- Hardcover: 304 pages
- Publisher: Wiley; Illustrated edition (October 15, 2004)
- Language: English
- ISBN-10: 0470091002
- ISBN-13: 978-0470091005
- Product Dimensions: 8.8 x 1 x 11.7 inches
- Shipping Weight: 3.6 pounds
- Average Customer Review: 53 customer reviews
- Amazon Best Sellers Rank: #2,715,921 in Books (See Top 100 in Books)
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The Power of Gold: The History of an Obsession Hardcover – October 15, 2004
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From the Inside Flap
This absorbing epic begins with the magical, religious and artistic significance of gold, progressing to the invention of coinage, the transformation of gold into money and eventually to the gold standard. The more important gold became as an economic tool, the more loudly it spoke of power - even more loudly than when it served as an entry to Heaven or a symbol of omnipotence. Finally, the book confronts the future of gold in a world where it appears to have been relegated to the periphery of financial sector.
From the Bible, through the Gold Rush era to modern day Fort Knox and beyond, unforgettable characters stride through these pages. Contemplate gold from the diverse perspectives of monarchs and money makers, potentates and politicians, men of legendary wealth and others of more plebeian beginnings: from Asia Minor's King Croesus, Rome's noted speculator Crassus, and Byzantine emperors, through Marco Polo, Christopher Columbus Francisco Pizarro, Richard I, Charlemagne and Isaac Newton to the Forty-Niners, Winston Churchill, Charles de Gaulle, John Maynard Keynes and Richard Nixon.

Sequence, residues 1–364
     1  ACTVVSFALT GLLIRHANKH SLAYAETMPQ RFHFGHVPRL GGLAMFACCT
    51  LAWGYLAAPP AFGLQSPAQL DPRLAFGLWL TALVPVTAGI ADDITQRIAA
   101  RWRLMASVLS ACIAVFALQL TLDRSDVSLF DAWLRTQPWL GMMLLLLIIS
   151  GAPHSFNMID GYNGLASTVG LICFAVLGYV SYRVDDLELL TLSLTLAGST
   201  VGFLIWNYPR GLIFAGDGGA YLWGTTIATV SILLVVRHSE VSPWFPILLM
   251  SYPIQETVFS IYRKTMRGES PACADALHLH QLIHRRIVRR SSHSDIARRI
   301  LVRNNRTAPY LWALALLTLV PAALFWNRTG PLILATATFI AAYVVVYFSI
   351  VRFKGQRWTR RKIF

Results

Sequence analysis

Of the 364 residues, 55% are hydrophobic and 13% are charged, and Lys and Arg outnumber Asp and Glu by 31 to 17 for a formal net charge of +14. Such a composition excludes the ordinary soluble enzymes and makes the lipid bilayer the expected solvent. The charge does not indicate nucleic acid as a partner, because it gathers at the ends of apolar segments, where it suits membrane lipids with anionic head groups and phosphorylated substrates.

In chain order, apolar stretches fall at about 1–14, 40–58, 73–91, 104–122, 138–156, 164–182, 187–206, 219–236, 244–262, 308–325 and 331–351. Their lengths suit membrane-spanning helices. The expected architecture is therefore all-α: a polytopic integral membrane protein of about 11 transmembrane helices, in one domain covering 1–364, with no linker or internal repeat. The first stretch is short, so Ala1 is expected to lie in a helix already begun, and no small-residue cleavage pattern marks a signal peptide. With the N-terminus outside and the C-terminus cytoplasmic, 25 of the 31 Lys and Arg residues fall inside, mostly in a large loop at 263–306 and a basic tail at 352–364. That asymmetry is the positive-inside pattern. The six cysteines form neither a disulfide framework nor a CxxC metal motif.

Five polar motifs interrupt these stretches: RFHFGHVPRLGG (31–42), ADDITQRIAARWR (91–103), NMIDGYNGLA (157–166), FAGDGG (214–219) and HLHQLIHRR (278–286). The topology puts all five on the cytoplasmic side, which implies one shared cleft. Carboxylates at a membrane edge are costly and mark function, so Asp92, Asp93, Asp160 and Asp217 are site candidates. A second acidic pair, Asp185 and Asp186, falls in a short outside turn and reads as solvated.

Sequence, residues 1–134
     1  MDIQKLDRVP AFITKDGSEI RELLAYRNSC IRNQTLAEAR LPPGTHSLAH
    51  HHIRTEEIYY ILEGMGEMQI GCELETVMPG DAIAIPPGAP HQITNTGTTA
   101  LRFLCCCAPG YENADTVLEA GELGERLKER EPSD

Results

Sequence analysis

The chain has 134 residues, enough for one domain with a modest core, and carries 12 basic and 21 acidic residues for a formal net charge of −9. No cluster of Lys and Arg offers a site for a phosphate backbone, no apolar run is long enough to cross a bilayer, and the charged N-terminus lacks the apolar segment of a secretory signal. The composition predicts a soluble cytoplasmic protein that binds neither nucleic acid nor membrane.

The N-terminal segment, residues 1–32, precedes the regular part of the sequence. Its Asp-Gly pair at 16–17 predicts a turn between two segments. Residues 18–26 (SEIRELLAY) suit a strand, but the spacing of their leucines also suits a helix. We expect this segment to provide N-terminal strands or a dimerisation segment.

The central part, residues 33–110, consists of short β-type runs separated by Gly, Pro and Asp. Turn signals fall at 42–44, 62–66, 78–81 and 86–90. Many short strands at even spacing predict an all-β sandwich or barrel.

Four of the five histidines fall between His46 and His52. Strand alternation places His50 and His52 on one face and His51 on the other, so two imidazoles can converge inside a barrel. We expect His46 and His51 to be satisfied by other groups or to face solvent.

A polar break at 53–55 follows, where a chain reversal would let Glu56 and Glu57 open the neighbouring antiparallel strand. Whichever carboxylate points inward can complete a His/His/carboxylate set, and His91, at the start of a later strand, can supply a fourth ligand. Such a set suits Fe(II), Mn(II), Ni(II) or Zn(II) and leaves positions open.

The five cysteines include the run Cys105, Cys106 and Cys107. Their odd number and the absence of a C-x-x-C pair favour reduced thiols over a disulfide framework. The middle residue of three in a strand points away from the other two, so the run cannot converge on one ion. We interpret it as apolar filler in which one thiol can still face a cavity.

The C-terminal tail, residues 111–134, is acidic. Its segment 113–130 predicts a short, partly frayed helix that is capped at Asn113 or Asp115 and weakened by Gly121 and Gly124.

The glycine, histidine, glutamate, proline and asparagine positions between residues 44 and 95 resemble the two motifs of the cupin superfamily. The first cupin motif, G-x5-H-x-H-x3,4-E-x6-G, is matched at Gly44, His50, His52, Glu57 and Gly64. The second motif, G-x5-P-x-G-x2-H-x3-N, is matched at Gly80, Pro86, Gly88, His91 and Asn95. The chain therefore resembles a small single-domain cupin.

Whether it is Egyptian pharaohs, the luxury-mad survivors of the Black Death, the Chinese inventor of paper money, the pirates on the Spanish Main, or the hardnosed believers in the international gold standard, gold has been the supreme possession. It has been an icon for greed and an emblem of rectitude, as well as a vehicle for vanity and a badge of power that has shaped the destiny of humanity through the ages. As Bernstein muses, `The joke is that nothing is as useless and useful all at the same time.’
From the Back Cover
In this lavishly illustrated work Peter L. Bernstein tells the story of one of mankind’s most intoxicating obsessions: gold. It has been both an inspiration and a destroyer, determined the fate of kings and emperors, inspired the most beautiful works of art, provoked extreme cruelty and driven men to endure intense hardship. From the ancient fascination of Moses and Midas through the gold rush, to modern financiers, gold has led many of its most eager and proud possessors to a tragic end. The gold they thought they possessed came to possess them. Such is the power gold.